|Image from www.cpat.org.uk|
These stretches are part of a 283 kilometre-long National Trail between Sedbury and Prestatyn that I walked in 2010 (and can recommend!).
It's named for King Offa of Mercia (757-796) basically because a hundred years after he lived a Welsh monk called Asser attributed the building of the dyke to him. No source from Offa's lifetime actually mentions the dyke.
Archaeologists love a good argument. There are debates not only about when Offa's Dyke was built and why, but about whether it even ran 'from sea to sea', as Asser claims. Probably it didn't. If it did, a lot of it must have been destroyed.
But very recently the Clwyd-Powys Archaeological Trust has uncovered evidence that the dyke was built much earlier than Offa - perhaps 200 years earlier. This is based on radiocarbon results from a northern section of the dyke near Chirk in Wrexham (Wales), which give a date range of 430-642. A best guess would therefore place the building of dyke at Chirk in the later sixth century - a period about as dark as the Dark Ages get.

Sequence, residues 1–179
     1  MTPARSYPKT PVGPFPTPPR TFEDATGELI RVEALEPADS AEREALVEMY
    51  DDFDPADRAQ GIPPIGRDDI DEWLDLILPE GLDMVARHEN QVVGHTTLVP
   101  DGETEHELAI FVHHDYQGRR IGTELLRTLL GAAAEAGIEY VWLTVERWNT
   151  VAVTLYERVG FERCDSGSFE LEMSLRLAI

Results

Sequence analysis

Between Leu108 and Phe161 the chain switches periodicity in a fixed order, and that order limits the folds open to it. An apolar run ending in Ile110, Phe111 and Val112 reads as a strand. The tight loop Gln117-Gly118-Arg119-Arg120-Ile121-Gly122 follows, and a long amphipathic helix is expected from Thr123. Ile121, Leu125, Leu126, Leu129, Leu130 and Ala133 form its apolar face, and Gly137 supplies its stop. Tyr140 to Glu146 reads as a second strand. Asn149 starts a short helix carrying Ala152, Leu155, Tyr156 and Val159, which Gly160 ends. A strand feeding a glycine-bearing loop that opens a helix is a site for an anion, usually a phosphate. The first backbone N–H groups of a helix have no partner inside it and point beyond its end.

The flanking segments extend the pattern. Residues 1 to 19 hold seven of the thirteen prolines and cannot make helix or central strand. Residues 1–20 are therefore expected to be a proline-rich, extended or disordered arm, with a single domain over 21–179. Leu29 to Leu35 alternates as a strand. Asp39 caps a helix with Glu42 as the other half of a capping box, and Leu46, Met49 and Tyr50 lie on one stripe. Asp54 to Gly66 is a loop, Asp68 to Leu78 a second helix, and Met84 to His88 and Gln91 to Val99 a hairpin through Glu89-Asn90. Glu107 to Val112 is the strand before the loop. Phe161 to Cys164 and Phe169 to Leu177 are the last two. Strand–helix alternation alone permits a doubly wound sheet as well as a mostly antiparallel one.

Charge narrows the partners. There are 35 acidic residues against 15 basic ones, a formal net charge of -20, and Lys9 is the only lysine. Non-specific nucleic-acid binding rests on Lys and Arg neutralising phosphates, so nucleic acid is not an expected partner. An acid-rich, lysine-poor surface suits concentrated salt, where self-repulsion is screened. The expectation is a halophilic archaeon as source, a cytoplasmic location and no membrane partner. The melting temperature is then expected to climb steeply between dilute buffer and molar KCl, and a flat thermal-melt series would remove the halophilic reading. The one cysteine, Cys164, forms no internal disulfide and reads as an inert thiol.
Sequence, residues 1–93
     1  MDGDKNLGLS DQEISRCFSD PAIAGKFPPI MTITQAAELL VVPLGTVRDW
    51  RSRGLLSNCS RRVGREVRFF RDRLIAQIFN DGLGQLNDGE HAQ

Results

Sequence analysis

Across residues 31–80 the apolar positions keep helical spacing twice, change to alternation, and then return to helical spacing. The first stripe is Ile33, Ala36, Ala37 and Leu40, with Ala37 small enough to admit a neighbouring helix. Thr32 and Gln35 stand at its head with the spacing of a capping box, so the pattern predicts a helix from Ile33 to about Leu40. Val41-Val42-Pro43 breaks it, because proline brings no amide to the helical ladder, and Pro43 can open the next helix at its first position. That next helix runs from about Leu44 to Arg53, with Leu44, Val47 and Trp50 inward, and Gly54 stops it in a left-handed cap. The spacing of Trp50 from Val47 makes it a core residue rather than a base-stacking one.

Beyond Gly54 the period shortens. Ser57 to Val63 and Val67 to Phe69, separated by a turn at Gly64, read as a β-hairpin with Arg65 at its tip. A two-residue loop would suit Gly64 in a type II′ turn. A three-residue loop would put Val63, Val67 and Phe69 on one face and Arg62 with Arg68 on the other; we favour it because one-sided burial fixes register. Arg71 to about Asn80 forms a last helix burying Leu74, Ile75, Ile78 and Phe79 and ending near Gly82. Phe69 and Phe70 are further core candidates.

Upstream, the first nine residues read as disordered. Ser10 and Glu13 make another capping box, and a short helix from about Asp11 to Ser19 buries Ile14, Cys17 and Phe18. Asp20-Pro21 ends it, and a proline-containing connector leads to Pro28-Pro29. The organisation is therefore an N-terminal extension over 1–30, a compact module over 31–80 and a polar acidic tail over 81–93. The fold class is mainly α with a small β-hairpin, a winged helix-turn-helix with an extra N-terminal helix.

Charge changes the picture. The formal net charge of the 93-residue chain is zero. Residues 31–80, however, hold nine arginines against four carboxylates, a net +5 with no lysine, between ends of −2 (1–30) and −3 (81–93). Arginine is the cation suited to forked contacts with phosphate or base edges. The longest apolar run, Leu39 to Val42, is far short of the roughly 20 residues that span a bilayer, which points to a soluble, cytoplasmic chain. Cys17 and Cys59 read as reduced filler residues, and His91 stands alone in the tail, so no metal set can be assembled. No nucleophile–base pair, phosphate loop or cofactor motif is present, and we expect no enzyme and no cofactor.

|A hiker on a section of surviving bank. The kingdom of Mercia lay on the left side, Powys on the right.|
Isolated C-14 dates should always be taken with a fistful of salt, but if they turn out to be reliable this really upsets the apple cart. Could the dyke really be this much earlier? If so, who built it, and why did Asser give Offa the credit? Maybe parts of the dyke were built long before other parts, and no single king was responsible. Could it be that Offa only refurbished and extended an older earthwork?
Most likely, this is just one new piece in a highly complicated and mysterious puzzle...
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